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Thailand: Court Invalidates Election

(Mar. 28, 2014) On March 21, 2014, Thailand’s Constitutional Court ruled that the country’s general election, held on February 2, is invalid. (Court Voids Feb 2 General Election, BANGKOK POST ONLINE (Mar. 21, 2014).) The election results were found not lawful by a six-to-three vote of the Justices, based on the fact that the voting was not completed in a single day throughout the country. (Addison Morris, Thailand Constitutional Court Declares February Election Invalid, PAPER CHASE NEWSBURST (Mar. 21, 2014).)

The decision came after the Office of the Ombudsman requested a review. That Office had received a complaint from a law lecturer at Thammasat University, Kittipong Kamolthammawong. Due to a lack of candidates during a time of anti-government protests, 28 of the 375 constituencies in the country did not hold elections on February 2. Protestors reportedly blocked candidates from registering and from voting in the areas in question. (Id.)

In its decision, the Court referred to a 2013 royal decree on elections for Thailand’s House of Representatives, which had required that they be held on February 2. (Court Voids Feb 2 General Election, supra.) According to Pimol Thampitakpong, Secretary-General of the Court, “[t]he process [now] is to have a new general election.” (Thailand to Stage Fresh Elections After Court Rules February Poll Invalid, THE GUARDIAN (Mar. 21, 2014).) It is expected that it will take three months before new elections can be held. Thailand has been in political conflict since a 2006 coup. (Morris, supra.)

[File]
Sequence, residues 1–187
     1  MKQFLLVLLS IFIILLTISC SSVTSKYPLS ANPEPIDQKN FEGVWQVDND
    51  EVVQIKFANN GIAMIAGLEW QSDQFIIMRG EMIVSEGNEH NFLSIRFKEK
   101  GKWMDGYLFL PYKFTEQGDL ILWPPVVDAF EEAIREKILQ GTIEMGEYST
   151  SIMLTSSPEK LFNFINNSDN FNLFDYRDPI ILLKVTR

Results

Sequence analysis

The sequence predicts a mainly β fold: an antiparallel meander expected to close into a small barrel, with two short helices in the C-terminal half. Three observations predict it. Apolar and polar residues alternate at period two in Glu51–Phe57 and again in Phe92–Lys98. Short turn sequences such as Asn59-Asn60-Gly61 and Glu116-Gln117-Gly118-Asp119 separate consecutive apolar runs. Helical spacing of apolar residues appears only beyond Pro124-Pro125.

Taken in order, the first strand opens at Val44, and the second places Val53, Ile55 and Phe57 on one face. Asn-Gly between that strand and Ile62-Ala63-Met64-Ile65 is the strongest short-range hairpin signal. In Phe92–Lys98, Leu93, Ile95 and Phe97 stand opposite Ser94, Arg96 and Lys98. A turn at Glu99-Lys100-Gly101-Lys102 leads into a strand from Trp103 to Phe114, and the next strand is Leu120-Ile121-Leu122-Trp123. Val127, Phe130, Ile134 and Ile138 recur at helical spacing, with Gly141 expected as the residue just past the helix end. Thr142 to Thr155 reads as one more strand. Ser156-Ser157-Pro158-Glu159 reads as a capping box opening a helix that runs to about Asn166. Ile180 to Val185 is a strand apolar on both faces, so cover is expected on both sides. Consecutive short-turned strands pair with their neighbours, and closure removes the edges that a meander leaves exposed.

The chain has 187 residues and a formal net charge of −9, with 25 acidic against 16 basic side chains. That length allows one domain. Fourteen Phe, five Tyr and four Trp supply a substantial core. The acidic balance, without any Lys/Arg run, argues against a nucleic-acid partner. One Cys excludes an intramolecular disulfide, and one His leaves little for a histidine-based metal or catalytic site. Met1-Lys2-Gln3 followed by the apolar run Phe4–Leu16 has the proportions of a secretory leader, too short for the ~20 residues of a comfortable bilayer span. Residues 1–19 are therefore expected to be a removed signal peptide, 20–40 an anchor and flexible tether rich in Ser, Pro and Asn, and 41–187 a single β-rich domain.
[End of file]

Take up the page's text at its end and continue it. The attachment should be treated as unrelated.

The Constitutional Court, under the 2007 Constitution, is authorized to determine the constitutionality of legislation, whether at issue in a case or in a petition brought by an individual alleging violation of human rights. In addition, the Constitutional Court handles issues arising from conflicts between different branches of the government. (Bureau of Technical and International Cooperation of the Secretary-General of the Administrative Court, trans., Constitution of the Kingdom of Thailand, BE 2055 (2007) [unofficial translation], arts. 211-214, Isaan Lawyers website.)